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The ABCDE of post resuscitation care

06 June 2024 - Jenny Browne

“There’s signs of life” announces one of your team members following the third rhythm check in the resuscitation of Nadia Grey. Nadia has had CPR for the past 10 minutes, and has received 2 shocks at 200 joules each for VT. The defib was disarmed following the COACHED safe defibrillation sequence, and an organised rhythm, increased EtCO2 and some respiratory effort had been seen.

What is your plan of care for Nadia now?

Immediately perform an ABCDE assessment now that Nadia has return of spontaneous circulation (ROSC). 

To minimise the risk of Nadia rearresting and ensure the best possible outcome for her, it is important to follow an ABCDE assessment once she has return of spontaneous circulation (ROSC). 

ABCDE assessment


Check for airway patency. If not already performed during the resuscitation, consider intubation or SGA (if skilled clinician not available) in those patients who remain comatose following ROSC, or who have another clinical indication for sedation and mechanical ventilation. Confirm placement with waveform capnography and maintain EtCO2 35-45 mmHg.

Following brief episodes of cardiac arrest with an immediate return of normal cerebral function and breathing at ROSC, an advanced airway may not be necessary if the patient is able to maintain their own airway.


Use the “RATES” mnemonic to ensure a complete assessment of breathing.

  • Rate: Count the patient’s own respiratory rate and supplement patient breaths with a bag-valve-mask (BVM) if bradypnoeic.
  • Auscultate: Listen to the patient’s chest for presence of abnormal breath sounds or absence of breath sounds.
  • Trachea: Check whether the trachea is midline (if not, may indicate tension pneumothorax) or presence of tracheal tug (respiratory distress).
  • Effort: Look for accessory muscle use indicating respiratory distress e.g. intercostal or subcostal recession, and (in paediatrics) nasal flaring, head bobbing and grunting.
  • Saturations:  Maintain the patient’s SpO2 between 94 - 98% with oxygen via a facemask.


Check Nadia’s heart rate and rhythm, as well as her BP and central capillary refill. Consider vasopressor / inotropes and/or IV fluids if she is hypotensive (aim for SBP > 100 mmHg). If she has symptomatic bradycardia or tachycardia follow the appropriate management algorithms.

If an antiarrhythmic drug was used successfully during the resuscitation this should be continued.  

If no antiarrhythmic drug was administered during resuscitation from a shockable rhythm, this should be considered at ROSC to prevent recurrent VF.


Perform a neurological assessment, including pupils, and monitor BGL to maintain normoglycaemia.  Administer insulin for BGLs >10 mmol/l. Treat any seizure activity with  sedation and/ or anti-epileptic drugs.


Monitor temperature and prevent fever for at least 72 hours. Check for any signs of bleeding or infection including wounds and drains. Also check Nadia’s skin for any signs of rash or bites. Palpate her abdomen for signs of distension and firmness.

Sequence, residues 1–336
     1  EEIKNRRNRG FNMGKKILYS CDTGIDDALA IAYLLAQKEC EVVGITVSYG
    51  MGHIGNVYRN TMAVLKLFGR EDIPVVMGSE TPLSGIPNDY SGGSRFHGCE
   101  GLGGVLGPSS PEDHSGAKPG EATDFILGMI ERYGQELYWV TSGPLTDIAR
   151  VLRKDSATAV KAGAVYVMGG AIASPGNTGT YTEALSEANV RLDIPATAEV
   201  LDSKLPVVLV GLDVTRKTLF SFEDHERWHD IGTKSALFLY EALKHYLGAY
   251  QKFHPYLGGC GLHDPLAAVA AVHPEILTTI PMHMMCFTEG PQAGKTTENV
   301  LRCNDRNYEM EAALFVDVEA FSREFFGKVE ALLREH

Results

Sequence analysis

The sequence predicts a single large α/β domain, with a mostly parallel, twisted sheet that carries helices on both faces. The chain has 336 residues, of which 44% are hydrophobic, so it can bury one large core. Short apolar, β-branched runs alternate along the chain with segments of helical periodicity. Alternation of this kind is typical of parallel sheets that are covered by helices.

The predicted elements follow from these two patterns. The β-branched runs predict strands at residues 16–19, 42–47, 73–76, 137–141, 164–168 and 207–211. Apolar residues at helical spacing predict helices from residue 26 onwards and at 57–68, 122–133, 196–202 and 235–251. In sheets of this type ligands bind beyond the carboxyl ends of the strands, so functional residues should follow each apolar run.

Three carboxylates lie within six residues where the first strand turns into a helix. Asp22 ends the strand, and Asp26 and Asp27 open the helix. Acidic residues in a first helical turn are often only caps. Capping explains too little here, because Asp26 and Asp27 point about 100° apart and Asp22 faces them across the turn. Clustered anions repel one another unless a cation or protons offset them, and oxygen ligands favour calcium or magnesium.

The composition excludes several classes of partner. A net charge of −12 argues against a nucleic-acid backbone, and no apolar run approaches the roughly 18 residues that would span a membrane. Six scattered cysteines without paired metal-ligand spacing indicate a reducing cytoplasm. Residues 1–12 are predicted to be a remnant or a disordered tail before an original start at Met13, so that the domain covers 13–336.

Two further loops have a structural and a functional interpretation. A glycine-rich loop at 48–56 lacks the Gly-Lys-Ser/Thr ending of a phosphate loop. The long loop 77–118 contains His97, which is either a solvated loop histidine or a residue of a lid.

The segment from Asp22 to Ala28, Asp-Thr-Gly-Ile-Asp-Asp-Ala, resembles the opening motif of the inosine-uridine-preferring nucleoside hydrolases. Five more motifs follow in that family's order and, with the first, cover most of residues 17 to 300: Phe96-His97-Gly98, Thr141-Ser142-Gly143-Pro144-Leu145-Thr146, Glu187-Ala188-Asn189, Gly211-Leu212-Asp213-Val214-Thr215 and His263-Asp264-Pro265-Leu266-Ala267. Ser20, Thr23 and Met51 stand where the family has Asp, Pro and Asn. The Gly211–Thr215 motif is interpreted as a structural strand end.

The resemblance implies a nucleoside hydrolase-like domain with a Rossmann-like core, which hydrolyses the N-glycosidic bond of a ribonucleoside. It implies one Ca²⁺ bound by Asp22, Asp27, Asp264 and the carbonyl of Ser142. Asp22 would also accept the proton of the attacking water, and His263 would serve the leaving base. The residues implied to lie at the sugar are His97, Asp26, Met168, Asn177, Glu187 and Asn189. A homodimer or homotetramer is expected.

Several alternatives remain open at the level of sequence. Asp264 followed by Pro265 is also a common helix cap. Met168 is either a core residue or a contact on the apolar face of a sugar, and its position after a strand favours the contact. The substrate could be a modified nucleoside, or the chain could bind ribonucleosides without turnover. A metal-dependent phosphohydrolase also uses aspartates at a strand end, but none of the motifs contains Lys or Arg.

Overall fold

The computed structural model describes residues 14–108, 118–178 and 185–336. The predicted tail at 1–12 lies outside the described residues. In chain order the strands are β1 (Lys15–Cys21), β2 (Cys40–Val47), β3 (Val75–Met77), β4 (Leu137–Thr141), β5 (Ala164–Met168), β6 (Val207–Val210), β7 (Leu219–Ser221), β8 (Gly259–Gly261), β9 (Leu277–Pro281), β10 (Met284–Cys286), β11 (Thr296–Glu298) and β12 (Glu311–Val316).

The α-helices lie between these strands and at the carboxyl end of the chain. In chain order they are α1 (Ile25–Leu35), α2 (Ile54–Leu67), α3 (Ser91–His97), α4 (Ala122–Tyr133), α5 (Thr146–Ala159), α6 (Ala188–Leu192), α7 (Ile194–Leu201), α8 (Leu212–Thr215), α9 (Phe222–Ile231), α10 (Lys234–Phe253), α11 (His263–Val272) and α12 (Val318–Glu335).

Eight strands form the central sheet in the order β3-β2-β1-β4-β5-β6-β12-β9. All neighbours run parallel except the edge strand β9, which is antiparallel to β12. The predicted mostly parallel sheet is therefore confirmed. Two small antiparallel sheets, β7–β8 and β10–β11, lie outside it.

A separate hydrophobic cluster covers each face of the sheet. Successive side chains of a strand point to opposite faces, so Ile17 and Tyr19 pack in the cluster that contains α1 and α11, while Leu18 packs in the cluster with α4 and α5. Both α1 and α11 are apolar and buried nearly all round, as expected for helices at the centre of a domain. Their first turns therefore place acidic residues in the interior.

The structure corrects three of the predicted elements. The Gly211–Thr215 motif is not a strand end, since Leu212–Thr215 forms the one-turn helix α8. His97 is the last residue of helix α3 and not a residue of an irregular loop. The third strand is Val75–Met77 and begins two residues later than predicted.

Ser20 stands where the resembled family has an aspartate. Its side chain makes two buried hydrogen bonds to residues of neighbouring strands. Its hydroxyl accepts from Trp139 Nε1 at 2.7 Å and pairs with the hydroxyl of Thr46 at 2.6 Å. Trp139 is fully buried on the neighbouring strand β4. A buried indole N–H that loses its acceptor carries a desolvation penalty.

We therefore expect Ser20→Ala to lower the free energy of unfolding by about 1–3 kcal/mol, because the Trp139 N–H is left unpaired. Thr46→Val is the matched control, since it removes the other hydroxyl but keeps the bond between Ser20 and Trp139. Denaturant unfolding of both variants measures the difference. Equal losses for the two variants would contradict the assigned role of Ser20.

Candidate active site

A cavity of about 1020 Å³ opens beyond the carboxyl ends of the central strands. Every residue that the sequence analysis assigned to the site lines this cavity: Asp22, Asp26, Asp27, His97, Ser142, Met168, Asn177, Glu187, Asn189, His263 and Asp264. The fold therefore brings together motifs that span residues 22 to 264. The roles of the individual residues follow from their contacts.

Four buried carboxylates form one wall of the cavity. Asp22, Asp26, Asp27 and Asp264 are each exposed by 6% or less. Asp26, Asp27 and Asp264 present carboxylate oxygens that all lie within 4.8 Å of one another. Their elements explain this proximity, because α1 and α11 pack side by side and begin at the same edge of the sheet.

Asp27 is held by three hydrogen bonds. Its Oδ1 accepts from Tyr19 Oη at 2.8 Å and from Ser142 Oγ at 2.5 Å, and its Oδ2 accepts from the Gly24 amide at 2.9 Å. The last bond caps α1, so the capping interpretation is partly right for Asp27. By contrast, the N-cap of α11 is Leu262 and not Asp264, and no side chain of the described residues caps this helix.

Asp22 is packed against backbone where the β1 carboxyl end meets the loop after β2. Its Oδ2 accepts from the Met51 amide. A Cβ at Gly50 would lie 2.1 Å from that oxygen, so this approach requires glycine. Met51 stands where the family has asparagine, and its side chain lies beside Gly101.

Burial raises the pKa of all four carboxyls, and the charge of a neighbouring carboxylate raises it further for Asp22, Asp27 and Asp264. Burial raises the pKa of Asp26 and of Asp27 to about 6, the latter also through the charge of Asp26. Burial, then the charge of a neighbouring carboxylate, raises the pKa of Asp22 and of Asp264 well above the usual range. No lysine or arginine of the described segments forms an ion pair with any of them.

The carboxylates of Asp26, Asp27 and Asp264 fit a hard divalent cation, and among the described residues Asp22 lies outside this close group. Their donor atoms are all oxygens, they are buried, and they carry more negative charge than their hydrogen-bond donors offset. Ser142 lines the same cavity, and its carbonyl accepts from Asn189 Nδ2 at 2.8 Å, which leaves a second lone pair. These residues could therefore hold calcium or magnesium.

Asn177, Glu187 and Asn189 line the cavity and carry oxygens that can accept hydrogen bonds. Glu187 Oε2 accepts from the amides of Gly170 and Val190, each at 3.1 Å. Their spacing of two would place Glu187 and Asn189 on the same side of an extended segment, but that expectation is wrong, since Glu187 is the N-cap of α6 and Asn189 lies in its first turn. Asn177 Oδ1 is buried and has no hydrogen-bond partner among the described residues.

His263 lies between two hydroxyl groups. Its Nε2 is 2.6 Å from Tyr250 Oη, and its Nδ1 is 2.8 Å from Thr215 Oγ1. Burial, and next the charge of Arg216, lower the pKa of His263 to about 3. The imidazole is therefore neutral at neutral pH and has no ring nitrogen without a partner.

Further investigations:

  • Reassess reversible causes and any lines or drains inserted during resuscitation
  • Organise appropriate inter or intra-facility transfer
  • Blood tests including FBC, electrolytes, CKMB, Troponin T and ABG/ VBG
  • ECG. Consider Coronary angiography ± PCI if likely cardiac cause, and if not, CT brain and/or CTPA.
  • CXR
  • Echocardiography

Delay prognostication for at least 72 hours.


ANZCOR (2024). Guideline 11.7 – Post-resuscitation Therapy in Adult Advanced Life Support. Retrieved May 2024. guideline-11-7-post-resuscitation-therapy-in-adult-advanced-life-support-250.pdf (

Nolan, J., Sandroni, C., Böttiger, B., Cariou, A., Cronberg, T., Friberg, H., Genbrugge, C., Haywood, K., Lilja, G., Moulaert, V., Nikolaou, N., Olasveengen, T. M., Skrifvars, M.B., Taccone, F.,  and Soar, J. (2021). European Resuscitation Council and European Society of Intensive Care Medicine guidelines 2021: post‑resuscitation care. Intensive Care Med, (47). 369–421

Resuscitation Council UK (2023) Post- resuscitation care guidelines. Retrieved May 2024. Post-resuscitation care guidelines | Resuscitation Council UK

Related courses

Critical Bytes - Resuscitated, Now what? - In this webinar we will hear from experts who manage patients in the post-resuscitation care phase and explore the different approaches to stabilising patients for transport, whether that be to CT, ICU, to another hospital or interstate.

Jenny Browne
Jenny Browne

Jenny Browne, RN, Cert IV (TAE), CritCareCert, MN(AdvClinEd), has an extensive background in critical care nursing and education. Jenny has worked across a variety of Australian ICUs, including the John Hunter Hospital (Newcastle), Princess Margaret Hospital (Perth) and the Royal Adelaide Hospital. She has been an ALS and PALS instructor for over 12 years, including with the ACCCN, and is also a sessional academic at the University of Newcastle.

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